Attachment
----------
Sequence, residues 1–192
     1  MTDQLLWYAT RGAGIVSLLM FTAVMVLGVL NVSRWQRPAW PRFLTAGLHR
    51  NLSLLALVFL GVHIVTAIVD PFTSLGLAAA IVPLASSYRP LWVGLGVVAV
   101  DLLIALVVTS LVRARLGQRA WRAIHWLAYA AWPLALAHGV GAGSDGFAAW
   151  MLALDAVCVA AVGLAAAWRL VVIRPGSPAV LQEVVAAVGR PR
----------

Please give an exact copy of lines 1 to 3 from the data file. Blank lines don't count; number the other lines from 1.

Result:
Sequence, residues 1–192
     1  MTDQLLWYAT RGAGIVSLLM FTAVMVLGVL NVSRWQRPAW PRFLTAGLHR
    51  NLSLLALVFL GVHIVTAIVD PFTSLGLAAA IVPLASSYRP LWVGLGVVAV